‘Squid Game’ star Lee Jung-jae’s film Bloodbath ‘Hunt’ Rattles Cannes


'Squid Game' star Lee Jung-jae's film Bloodbath 'Hunt' Rattles Cannes

hunt is – thrilling or disappointing, depending on your preferences – not a gritty, character-driven reboot of the Impossible Mission franchise, but a political thriller from South Korea, made by Squid Games Breakout star Lee Jung-jae makes his directorial debut. The fact that hunt is so clearly a debut, with all the messy, bumpy execution that implies, is partially offset by the film’s sheer energy and mind-boggling budget, helping to turn the whole exercise into a wham-bam-gun-and-blast – to transform romp.

At the beginning of hunt, a series of austere title cards, and hilariously broad exhibition scenes give us plenty of information about the political situation in which the film is set: namely, the height of military dictatorship in South Korea in the 1980s, as the country sought a path toward western growth. In these opening vignettes, the camera works busily, sifting through crowds, zooming back and forth and generally conveying a subtle sense of urgency as intelligence officers monitor a student demonstration that has the potential to turn violent – which it does. suddenly and almost parodically, catapulting the film into entirely different territory while then morphing into a straight-forward, essentially non-political shoot-’em-up. Here, where the violence is raised to eleven, Lee Jung-jae indulges in some big set pieces that clearly interest him more and have consequently been given more budget than all the stuff related to political intrigue. This pre-credits sequence sets the gauge for the film as a whole, which at times seems to lose track of its own intentions or become oddly bored with its own narrative beats before summoning up some energy for a crunchy fistfight on a set of stairs.

As for the story itself, Jung-jae, who directs one of two main roles himself, plays Park Pyong-ho, an intelligence officer whose investigation into the existence of a mole in his organization brings him into conflict with Kim Jung-do (Jung Woo-sung). , another spy boss. Park and Kim aren’t particularly well defined, with both actors bringing a stern, hard-nosed rigidity to their roles. Indeed, the enmity and then collaboration between these two unlikely cop figures is unflatteringly reminiscent of the grueling dynamic between Guy Pearce and Russell Crowe LA confidential: In this film, both characters are allowed to jostle, complement, and grow together—while they’re in it hunt, all the protagonists are offered is a series of hot-blooded encounters, a great cloud of dust in the corridors of power, and a final set piece where the world explodes around them. That’s all very well for delivering a chaotic action vehicle, but starts to fade a bit around the 80-minute mark when the movie still persistently but halfheartedly tries to hook you in an emotional subplot.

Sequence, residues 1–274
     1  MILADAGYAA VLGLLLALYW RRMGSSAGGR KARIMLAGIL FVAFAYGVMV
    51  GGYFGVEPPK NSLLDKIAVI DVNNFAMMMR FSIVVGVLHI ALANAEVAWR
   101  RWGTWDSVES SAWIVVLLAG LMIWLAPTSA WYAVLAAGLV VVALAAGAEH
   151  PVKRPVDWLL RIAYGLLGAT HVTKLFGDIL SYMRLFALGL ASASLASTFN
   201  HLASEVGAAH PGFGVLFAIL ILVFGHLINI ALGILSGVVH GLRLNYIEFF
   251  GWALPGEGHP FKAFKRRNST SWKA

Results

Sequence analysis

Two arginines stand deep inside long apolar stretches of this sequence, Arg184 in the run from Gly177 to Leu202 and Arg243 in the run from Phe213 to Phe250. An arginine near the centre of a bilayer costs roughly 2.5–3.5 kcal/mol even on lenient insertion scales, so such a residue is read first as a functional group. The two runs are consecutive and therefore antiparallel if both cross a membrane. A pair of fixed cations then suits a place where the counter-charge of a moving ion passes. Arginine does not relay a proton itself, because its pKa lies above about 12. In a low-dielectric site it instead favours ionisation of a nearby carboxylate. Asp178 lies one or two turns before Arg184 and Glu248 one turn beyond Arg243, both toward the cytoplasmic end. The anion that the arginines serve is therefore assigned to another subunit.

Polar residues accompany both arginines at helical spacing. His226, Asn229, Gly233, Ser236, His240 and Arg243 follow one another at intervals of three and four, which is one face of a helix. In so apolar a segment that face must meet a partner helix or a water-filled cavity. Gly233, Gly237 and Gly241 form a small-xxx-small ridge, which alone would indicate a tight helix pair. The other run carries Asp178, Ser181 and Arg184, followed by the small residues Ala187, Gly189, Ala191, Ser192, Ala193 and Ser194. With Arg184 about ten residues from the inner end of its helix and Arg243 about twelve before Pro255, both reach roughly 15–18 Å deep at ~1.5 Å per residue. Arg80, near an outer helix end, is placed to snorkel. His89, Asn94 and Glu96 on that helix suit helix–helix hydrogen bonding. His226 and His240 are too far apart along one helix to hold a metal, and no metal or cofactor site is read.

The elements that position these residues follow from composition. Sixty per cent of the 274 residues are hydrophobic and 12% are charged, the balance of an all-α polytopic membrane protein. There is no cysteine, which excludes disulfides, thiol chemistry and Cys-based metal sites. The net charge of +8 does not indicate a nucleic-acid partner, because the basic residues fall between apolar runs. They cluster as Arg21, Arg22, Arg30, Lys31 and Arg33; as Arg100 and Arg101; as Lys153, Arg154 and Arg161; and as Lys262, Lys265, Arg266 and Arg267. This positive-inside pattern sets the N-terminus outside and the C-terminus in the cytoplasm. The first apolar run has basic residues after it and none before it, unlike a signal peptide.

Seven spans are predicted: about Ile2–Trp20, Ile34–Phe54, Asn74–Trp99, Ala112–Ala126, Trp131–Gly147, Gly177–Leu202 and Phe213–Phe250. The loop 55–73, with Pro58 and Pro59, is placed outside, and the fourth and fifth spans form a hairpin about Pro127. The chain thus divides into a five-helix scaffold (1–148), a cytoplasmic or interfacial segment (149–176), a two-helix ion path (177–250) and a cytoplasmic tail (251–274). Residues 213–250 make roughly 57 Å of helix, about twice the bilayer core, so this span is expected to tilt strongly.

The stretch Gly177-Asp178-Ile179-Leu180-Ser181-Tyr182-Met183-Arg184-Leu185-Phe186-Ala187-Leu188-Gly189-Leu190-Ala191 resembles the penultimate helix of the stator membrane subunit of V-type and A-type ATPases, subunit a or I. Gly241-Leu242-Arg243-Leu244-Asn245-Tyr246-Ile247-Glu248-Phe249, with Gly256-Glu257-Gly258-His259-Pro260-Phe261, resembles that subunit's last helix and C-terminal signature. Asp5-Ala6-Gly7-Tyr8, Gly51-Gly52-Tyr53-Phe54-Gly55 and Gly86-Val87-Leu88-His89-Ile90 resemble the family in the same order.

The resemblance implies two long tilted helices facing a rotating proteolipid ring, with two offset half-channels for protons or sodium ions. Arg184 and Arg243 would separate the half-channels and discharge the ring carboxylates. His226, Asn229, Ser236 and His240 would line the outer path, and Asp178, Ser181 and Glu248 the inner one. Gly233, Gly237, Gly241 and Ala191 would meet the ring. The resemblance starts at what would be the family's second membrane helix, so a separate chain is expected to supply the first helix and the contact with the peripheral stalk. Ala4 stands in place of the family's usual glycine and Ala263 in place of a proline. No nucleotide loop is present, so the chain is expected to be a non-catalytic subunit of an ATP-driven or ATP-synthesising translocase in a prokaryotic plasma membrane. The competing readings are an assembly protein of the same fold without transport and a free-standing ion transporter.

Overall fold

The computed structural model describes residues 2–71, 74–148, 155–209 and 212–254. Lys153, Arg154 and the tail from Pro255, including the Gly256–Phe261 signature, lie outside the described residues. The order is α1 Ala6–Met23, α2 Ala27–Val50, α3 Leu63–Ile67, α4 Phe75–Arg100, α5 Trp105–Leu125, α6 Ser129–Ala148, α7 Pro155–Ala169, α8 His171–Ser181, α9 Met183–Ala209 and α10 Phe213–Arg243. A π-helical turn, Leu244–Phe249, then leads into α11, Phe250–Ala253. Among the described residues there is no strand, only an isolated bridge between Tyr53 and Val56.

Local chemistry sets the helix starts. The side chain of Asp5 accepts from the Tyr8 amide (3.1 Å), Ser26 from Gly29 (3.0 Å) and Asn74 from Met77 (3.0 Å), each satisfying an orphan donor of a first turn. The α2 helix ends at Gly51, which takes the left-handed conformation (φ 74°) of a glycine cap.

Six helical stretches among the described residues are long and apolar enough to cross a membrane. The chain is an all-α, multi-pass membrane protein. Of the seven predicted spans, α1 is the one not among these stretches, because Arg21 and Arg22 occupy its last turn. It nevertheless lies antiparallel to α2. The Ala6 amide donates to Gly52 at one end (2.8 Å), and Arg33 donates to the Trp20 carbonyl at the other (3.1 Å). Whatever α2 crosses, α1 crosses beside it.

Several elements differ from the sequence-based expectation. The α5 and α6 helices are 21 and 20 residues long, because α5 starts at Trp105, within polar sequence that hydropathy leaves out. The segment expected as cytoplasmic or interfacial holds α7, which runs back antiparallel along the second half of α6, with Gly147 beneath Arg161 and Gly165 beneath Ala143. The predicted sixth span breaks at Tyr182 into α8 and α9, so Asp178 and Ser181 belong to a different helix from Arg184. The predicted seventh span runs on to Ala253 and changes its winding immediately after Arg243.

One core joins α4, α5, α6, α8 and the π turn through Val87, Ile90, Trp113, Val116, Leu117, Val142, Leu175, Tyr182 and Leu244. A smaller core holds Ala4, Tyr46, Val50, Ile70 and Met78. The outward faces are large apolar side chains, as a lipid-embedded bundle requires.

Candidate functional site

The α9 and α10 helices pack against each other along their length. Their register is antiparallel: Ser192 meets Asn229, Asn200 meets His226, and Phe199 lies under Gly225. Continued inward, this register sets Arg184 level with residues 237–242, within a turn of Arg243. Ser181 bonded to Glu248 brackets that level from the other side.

That’s all very well for delivering a chaotic action vehicle, but starts to fade a bit around the 80-minute mark when the movie still persistently but halfheartedly tries to hook you in an emotional subplot.

hunt tends to be happier in its action segments: a major shootout at a dry cleaning store; a minor shoot-out slash torture scene in the villains’ secret dig; a chase followed by a medium-sized gunfight; a violent shooting during an official visit by the President. Although the editing needs to be cleaned up and action movie clichés abound, Lee Jung-jae manages to summon up a verve that’s lacking elsewhere. This is visible in huntis pure bloodlust. Though the film’s struggles are somewhat stylized according to genre codes, we still get to hear the human costs of it: the gnarly shattering of bones, the soaking of blood on a shirt collar, the vicious stamp-stamp-stamp of a boot on a self rapidly changing face. There’s a surprising amount of machine guns in this film, as well as hand grenades, handguns, and various explosives, which translates into a really pretty iconic body count by the end of the film. Once in a while, hunt‘s violence (there’s plenty of torture too!) threatens to become parodic or caricatural: it’s at times reminiscent of the car chase mockup in that regard The Blues Brothers this goes on for so long that one of the protagonists starts to fall asleep. These gory approaches also detract from the plot of the film, from love and betrayal or whatever that never gets the slightest chance of hitting the mark.

Lee Jung-jae, who wrote the screenplay in addition to directing and performing, shows some promise in this film, which can be quite snappy from a formal point of view: atmospheric lighting, a refined score and a good eye for composition all help the show to keep it going even as the film nears its final conclusion with several insanely wrong finales. hunt scores when it shows focus rather than trying to do too much at once: this is the kind of tidying up that a wary-eyed producer can hopefully bring on board for the actor-director’s next venture. Perhaps the next one doesn’t need to take a country’s temperature, dissect manhood, deliver a twisted crime thriller and stage multiple bouts of violence, but could instead aim to simply offer some perfectly weightless murders that are unconcernedly unencumbered with meaning.

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